- Rhodes P, Campbell S, Sanders C. Trust, temporality and systems: how do patients understand patient safety in primary care? A qualitative study. Health Expect 2016 Apr;19(2):253-263 [FREE Full text] [CrossRef] [Medline]
- Dementia: a public health priority. World Health Organization. 2012. URL: https://apps.who.int/iris/bitstream/handle/10665/75263/9789241564458_eng.pdf?sequence=1&isAllowed=y [accessed 2021-09-28]
- Reasons why people with dementia are admitted to a general hospital in an emergency. Public Health England. 2015 Mar. URL: http://www.swscn.org.uk/wp/wp-content/uploads/2015/12/Reasonswhypeoplewithdementiaareadmittedtoagenera.pdf [accessed 2020-01-26]
- Lach HW, Chang YP. Caregiver perspectives on safety in home dementia care. West J Nurs Res 2007 Dec;29(8):993-1014. [CrossRef] [Medline]
- Arlt S, Lindner R, Rösler A, von Renteln-Kruse W. Adherence to medication in patients with dementia: predictors and strategies for improvement. Drugs Aging 2008;25(12):1033-1047. [CrossRef] [Medline]
- Gridley K, Brooks J, Glendinning C. Good support for people with complex needs: What does it look like and where is the evidence? University of York. 2012. URL: https://eprints.whiterose.ac.uk/76743/1/complex.pdf [accessed 2021-10-18]
- Kitwood T, Bredin K. Towards a theory of dementia care: personhood and well-being. Ageing Soc 1992;12:269-287. [CrossRef] [Medline]
- Astell A. Technology and personhood in dementia care. Qual Ageing Older Adults 2006 Mar;7(1):15-25. [CrossRef]
- McCormack B, Roberts T, Meyer J, Morgan D, Boscart V. Appreciating the 'person' in long-term care. Int J Older People Nurs 2012 Dec;7(4):284-294. [CrossRef] [Medline]
- Nolan MR, Davies S, Brown J, Keady J, Nolan J. Beyond person-centred care: a new vision for gerontological nursing. J Clin Nurs 2004 Mar;13(3a):45-53. [CrossRef] [Medline]
- Dementia. World Health Organization. URL: https://www.who.int/news-room/fact-sheets/detail/dementia [accessed 2020-06-10]
- Matchar BG, Gwyther LP, Galik E, Resnick B. Building resilience in persons with early-stage dementia and their care partners. In: Resilience in Aging. Cham, Switzerland: Springer; 2018:964-971.
- Potkins D, Myint P, Bannister C, Tadros G, Chithramohan R, Swann A, et al. Language impairment in dementia: impact on symptoms and care needs in residential homes. Int J Geriatr Psychiatry 2003 Nov;18(11):1002-1006. [CrossRef] [Medline]
- Rousseaux M, Sève A, Vallet M, Pasquier F, Mackowiak-Cordoliani MA. An analysis of communication in conversation in patients with dementia. Neuropsychologia 2010 Nov;48(13):3884-3890. [CrossRef] [Medline]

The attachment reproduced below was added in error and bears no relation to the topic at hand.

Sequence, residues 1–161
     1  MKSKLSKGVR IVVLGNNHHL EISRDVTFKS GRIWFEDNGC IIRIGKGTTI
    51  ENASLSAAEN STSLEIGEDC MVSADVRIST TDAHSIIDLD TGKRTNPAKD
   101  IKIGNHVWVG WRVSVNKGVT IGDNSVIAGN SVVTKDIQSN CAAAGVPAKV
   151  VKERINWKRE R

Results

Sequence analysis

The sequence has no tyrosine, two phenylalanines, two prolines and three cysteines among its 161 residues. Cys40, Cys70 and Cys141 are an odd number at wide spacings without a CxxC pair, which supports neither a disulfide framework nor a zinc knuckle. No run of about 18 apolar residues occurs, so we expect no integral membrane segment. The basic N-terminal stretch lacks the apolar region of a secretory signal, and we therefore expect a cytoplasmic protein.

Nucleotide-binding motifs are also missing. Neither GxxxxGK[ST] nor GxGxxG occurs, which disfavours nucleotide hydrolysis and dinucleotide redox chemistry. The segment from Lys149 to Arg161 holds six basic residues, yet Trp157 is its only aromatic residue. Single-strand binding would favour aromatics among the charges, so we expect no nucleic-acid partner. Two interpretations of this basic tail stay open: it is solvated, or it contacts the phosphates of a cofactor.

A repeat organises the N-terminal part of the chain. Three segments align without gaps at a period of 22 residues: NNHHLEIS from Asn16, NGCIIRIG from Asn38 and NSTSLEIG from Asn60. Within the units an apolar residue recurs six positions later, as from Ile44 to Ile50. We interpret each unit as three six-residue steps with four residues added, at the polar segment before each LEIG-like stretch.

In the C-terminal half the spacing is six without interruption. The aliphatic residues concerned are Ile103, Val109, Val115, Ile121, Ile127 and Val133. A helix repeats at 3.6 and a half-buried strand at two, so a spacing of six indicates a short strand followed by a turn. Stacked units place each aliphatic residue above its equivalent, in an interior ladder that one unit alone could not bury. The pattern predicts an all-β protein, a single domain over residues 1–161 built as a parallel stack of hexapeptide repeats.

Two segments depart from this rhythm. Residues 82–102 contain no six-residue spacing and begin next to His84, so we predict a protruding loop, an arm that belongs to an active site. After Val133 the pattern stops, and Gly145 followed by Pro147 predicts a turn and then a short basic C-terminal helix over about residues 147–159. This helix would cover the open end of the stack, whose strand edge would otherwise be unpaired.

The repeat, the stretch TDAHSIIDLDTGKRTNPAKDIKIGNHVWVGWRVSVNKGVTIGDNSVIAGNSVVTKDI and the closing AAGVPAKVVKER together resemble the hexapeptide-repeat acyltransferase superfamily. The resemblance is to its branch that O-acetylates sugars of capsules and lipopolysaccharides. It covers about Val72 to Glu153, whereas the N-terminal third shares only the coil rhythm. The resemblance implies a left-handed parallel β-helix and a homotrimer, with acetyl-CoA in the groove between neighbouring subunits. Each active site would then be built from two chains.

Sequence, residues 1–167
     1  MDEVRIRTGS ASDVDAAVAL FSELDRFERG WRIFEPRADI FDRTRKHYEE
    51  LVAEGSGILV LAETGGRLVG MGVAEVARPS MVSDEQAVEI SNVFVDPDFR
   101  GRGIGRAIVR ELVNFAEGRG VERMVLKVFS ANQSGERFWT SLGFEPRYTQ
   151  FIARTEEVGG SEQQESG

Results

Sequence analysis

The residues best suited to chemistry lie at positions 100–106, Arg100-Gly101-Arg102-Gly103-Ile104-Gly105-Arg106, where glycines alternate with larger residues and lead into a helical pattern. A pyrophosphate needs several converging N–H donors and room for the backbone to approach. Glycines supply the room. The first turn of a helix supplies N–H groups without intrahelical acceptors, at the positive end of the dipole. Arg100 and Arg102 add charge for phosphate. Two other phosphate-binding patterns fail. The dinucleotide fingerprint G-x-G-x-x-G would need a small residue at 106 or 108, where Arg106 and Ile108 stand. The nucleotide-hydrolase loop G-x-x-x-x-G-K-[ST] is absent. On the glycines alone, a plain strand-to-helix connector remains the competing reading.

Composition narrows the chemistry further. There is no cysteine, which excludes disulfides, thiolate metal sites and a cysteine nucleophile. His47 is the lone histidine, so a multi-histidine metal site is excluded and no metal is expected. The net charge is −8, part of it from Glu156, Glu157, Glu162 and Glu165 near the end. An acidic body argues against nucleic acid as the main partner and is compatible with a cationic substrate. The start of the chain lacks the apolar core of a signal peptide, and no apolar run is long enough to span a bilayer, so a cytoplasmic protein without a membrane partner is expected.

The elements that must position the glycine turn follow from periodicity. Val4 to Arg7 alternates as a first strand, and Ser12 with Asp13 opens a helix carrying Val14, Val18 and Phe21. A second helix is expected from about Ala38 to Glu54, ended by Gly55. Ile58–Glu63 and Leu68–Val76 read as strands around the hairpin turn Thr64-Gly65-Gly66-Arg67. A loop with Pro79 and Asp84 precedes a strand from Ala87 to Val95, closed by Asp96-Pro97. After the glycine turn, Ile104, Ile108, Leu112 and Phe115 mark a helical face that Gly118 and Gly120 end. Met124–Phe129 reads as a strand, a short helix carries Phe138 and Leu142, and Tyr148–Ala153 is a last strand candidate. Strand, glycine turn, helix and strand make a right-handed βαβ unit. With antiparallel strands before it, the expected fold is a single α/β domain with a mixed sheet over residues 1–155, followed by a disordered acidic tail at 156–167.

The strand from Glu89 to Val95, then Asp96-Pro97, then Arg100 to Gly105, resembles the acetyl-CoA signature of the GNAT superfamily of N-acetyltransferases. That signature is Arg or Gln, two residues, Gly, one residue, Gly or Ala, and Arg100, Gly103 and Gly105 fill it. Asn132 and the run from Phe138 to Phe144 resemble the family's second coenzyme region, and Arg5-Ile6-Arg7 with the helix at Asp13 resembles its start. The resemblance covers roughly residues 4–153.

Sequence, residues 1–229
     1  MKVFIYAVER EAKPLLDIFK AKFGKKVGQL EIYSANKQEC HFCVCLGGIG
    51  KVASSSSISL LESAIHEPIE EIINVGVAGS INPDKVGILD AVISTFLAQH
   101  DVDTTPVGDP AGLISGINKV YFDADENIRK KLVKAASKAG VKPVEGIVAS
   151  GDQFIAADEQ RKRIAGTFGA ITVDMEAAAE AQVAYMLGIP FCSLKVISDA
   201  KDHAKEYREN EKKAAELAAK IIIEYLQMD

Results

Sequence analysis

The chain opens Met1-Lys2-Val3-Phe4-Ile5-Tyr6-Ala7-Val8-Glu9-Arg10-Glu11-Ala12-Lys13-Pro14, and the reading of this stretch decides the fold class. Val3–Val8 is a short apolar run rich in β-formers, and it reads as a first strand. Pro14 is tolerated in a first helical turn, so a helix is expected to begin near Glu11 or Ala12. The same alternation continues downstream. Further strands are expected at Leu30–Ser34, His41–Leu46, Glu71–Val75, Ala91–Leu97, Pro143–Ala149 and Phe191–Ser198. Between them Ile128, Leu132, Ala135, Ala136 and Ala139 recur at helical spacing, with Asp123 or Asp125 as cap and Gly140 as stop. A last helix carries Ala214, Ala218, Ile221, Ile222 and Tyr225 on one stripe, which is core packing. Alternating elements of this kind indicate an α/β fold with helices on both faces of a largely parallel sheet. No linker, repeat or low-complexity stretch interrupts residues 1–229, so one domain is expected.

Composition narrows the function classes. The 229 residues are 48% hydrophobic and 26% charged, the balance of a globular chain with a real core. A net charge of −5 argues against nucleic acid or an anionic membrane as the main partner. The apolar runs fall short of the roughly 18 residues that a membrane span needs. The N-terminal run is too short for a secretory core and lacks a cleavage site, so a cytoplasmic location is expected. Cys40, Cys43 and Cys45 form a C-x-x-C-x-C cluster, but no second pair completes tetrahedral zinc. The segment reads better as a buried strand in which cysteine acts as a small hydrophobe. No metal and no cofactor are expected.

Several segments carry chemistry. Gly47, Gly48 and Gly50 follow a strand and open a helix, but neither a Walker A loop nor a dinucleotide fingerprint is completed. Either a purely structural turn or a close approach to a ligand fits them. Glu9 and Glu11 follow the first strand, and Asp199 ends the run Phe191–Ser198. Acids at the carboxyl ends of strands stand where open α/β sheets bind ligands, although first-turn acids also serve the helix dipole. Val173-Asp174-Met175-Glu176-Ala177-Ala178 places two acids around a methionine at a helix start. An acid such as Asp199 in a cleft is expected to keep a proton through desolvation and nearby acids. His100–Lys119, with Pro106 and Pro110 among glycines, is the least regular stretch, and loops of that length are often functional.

- Kindell J, Keady J, Sage K, Wilkinson R. Everyday conversation in dementia: a review of the literature to inform research and practice. Int J Lang Commun Disord 2017 Jul;52(4):392-406 [FREE Full text] [CrossRef] [Medline]
- Morris RL, Stocks SJ, Alam R, Taylor S, Rolfe C, Glover SW, et al. Identifying primary care patient safety research priorities in the UK: a James Lind Alliance Priority Setting Partnership. BMJ Open 2018 Feb 28;8(2):e020870 [FREE Full text] [CrossRef] [Medline]
- Young TJ, Manthorp C, Howells D, Tullo E. Developing a carer communication intervention to support personhood and quality of life in dementia. Ageing Soc 2011 Jan 18;31(6):1003-1025. [CrossRef]
- Risk reduction of cognitive decline and dementia. World Health Organization. 2019 Feb 05. URL: https://www.who.int/publications/i/item/risk-reduction-of-cognitive-decline-and-dementia [accessed 2021-09-28]
- Knapp M, Barlow J, Comas-Herrera A, Damant J, Freddolino P, Hamblin K, et al. The case for investment in technology to manage the global costs of dementia. Policy Innovation Research Unit. 2015 Nov. URL: https://tinyurl.com/uwjbcnr6 [accessed 2020-08-03]
- Lorenz K, Freddolino PP, Comas-Herrera A, Knapp M, Damant J. Technology-based tools and services for people with dementia and carers: Mapping technology onto the dementia care pathway. Dementia (London) 2019 Feb;18(2):725-741. [CrossRef] [Medline]
- Greenhalgh T, Wherton J, Sugarhood P, Hinder S, Procter R, Stones R. What matters to older people with assisted living needs? A phenomenological analysis of the use and non-use of telehealth and telecare. Soc Sci Med 2013 Sep;93:86-94 [FREE Full text] [CrossRef] [Medline]
- Klimova B, Valis M, Kuca K. Exploring assistive technology as a potential beneficial intervention tool for people with Alzheimer's disease - a systematic review. Neuropsychiatr Dis Treat 2018;14:3151-3158 [FREE Full text] [CrossRef] [Medline]
- Alzheimer's Society's view on assistive technology. Alzheimer's Society. URL: https://www.alzheimers.org.uk/about-us/policy-and-influencing/what-we-think/assistive-technology [accessed 2020-06-10]
- Karlsson E, Axelsson K, Zingmark K, Sävenstedt S. The challenge of coming to terms with the use of a new digital assistive device: a case study of two persons with mild dementia. Open Nurs J 2011;5:102-110 [FREE Full text] [CrossRef] [Medline]